Napolitano avoids Dean during Phoenix visit
Democratic National Committee chairman Howard Dean was in Phoenix Wednesday but the state's top Democrat -- Gov. Janet Napolitano -- steered clear of the liberal bulldog during his Arizona visit.
Dean addressed a rally hosted by the Young Democrats of Arizona and attended by state Democratic Party chairman Jim Pederson. Pederson is a shopping mall developer and is considering a challenge next year to GOP U.S. Sen. Jon Kyl.
But the head of the Democratic ticket, Napolitano, was not at the Dean appearance and had no meetings scheduled with the former Vermont governor and vanquished 2004 presidential candidate.
Napolitano spokeswoman Jeanine L'Ecuyer gave the obligatory scheduling conflict as the reason for no face time with Dean. Napolitano was in Mesa Wednesday morning, appeared on the local National Public Radio affiliate for a lunchtime interview and was scheduled to meet with high-tech and business executives this afternoon regarding the "sales factor" tax cut bill.
The Democratic governor has thrived politically in Republican-oriented Arizona by appealing to moderate voters and portraying herself as a pro-business, centrist. Napolitano is up for re-election next year and could face a challenge from U.S. Surgeon General Richard Carmona or Marilyn Quayle, the wife of former vice president Dan Quayle.
The governor has avoided getting mixed in with the more left-wing, Michael Moore/MoveOn factions of the Democratic Party. Napolitano did not endorse Dean or another Democratic presidential hopeful last year until after Sen. John Kerry won the Arizona primary and had essentially secured the nomination.
Dean rallied Democratic partisans during his Phoenix visit on Wednesday, trying to boost their spirits after Bush and the GOP carried the state in November. The DNC chair has visited a number of GOP "red states" since taking over as party chief executive earlier this year.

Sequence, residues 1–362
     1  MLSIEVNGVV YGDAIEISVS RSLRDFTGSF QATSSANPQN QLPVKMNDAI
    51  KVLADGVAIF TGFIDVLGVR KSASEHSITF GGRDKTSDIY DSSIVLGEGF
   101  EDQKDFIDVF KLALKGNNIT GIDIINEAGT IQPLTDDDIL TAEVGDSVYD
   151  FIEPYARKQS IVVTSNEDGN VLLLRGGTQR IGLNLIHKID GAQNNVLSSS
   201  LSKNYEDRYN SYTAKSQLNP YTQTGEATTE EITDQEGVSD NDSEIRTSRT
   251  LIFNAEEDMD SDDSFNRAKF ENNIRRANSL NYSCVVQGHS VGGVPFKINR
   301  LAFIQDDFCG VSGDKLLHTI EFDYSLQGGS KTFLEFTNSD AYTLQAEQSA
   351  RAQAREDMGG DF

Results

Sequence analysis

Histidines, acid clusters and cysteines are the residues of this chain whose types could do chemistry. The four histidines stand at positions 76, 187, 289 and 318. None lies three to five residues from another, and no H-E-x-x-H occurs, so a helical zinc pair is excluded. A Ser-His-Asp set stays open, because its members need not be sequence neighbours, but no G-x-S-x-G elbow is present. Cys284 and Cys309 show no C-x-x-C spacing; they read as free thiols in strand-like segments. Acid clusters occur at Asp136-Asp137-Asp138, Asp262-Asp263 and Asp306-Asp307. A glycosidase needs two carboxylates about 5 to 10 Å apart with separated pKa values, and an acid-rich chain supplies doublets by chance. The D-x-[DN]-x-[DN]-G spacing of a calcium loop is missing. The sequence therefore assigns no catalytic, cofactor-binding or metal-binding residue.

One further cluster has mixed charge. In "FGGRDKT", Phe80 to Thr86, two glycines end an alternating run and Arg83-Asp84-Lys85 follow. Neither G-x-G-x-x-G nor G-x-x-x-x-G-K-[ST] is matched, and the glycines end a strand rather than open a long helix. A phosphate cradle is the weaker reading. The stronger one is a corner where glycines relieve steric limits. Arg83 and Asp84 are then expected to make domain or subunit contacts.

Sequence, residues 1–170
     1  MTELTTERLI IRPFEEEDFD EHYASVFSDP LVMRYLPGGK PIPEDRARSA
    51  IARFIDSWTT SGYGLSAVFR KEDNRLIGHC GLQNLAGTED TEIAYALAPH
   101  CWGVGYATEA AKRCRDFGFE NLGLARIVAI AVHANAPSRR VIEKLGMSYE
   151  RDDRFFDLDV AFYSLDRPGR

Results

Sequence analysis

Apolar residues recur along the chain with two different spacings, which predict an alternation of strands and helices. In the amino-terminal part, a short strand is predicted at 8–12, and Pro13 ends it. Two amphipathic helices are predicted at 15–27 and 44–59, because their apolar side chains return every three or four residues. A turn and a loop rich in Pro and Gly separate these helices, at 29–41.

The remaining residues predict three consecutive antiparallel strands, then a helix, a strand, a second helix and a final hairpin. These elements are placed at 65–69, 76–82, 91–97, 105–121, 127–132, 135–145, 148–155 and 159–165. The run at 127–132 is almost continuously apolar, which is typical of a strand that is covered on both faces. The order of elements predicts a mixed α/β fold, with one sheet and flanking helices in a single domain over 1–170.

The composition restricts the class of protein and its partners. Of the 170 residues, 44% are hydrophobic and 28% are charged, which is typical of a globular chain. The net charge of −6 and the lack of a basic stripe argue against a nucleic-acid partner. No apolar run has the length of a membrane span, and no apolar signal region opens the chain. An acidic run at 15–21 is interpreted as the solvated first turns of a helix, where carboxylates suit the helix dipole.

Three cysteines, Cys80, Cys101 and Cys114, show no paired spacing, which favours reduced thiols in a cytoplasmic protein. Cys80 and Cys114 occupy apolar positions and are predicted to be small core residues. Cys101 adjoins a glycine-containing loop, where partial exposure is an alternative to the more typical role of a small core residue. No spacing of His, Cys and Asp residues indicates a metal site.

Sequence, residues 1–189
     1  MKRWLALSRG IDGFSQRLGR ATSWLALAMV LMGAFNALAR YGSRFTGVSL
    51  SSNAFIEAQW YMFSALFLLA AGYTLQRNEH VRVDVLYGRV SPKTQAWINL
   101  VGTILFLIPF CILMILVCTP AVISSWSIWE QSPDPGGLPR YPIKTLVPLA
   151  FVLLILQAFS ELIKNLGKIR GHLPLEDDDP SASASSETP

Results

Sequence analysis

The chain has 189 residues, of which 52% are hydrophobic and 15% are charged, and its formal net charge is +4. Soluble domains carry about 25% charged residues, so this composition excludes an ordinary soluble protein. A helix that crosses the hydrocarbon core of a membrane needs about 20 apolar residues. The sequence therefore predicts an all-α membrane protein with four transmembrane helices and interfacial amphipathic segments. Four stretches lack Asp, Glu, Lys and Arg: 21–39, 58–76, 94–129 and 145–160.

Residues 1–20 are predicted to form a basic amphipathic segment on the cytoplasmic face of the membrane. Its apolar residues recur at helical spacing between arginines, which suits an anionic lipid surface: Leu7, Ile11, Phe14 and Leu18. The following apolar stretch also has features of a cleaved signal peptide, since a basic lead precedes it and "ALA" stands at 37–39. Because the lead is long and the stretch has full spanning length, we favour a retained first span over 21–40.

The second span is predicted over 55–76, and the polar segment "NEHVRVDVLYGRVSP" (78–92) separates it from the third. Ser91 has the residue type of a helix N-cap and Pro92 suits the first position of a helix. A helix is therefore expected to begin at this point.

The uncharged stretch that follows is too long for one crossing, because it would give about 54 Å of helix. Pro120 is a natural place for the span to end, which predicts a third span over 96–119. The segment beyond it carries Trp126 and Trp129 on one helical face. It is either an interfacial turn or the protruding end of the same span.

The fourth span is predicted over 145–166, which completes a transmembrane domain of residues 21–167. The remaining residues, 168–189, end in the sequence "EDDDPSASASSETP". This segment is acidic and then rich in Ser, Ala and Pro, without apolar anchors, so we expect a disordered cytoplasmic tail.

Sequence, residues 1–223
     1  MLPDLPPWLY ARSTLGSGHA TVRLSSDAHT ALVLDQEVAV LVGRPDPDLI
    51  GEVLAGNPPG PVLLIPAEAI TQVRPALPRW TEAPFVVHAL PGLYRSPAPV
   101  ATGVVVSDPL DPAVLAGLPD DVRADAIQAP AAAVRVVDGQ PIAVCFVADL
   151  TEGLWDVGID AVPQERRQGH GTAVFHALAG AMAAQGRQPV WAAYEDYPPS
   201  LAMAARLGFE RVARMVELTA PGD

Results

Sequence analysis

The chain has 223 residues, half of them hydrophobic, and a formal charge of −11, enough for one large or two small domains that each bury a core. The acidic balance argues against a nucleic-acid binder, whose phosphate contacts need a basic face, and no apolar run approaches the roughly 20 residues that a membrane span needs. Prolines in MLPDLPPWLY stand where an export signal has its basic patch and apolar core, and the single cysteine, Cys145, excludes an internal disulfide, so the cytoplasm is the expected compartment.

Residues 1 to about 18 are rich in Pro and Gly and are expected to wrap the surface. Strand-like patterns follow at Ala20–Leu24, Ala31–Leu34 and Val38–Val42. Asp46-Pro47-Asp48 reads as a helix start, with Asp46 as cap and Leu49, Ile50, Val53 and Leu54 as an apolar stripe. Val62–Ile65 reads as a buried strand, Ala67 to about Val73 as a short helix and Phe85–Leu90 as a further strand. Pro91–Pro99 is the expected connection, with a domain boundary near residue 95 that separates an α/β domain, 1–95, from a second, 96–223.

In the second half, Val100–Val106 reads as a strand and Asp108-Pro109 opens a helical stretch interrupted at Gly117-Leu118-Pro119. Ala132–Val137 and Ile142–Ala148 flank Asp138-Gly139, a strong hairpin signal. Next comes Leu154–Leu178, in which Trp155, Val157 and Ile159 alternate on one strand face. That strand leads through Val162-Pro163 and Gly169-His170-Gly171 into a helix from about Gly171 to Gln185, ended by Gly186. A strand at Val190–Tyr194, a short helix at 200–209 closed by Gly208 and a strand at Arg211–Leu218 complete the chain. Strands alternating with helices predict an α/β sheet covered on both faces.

The DNC chair advocated universal health coverage and criticized the Bush administration for proposed Social Security privatization, budget deficits and tax cuts for the wealthy.
Dean called the GOP a "corrupt party' but lauded Republican Sen. John McCain for opposing conservative efforts to chain Senate filibuster rules in order to get votes on Bush judicial nominees.
Dean made no comments regarding immigration and a business-backed guest worker program put forward by McCain, Sen. Ted Kennedy , D-Mass. and Arizona GOP Congressmen Jim Kolbe and Jeff Flake .
Dean also hailed Tuesday's election of Democrat Antonio Villaraigosa as mayor of Los Angeles. Villaraigosa defeated fellow Democrat James Hahn to become L.A.'s first Hispanic mayor in more than century. Dean said the GOP cannot boast of that kind of diversity in its roster of mayors or U.S. senators.
The DNC chair failed to point out the U.S. Sen. Mel Martinez, R-Fla., and top Bush administration officials --Attorney General Alberto Gonzales and U.S. Commerce Secretary Carlos Gutierrez -- are Hispanic and that the GOP improved its standing with Latinos in the November vote.
Arizona Republican Party Chairman Matt Salmon termed Dean an "ultra-liberal" and accused Democrats of not offering solutions to problems facing the country.
"Uhhh... they might be unlawful aliens but otherwise lawful citizens"
~ Alberto Gonzalez, US Attorney General at his confirmation hearing, Jan. 6, 2005.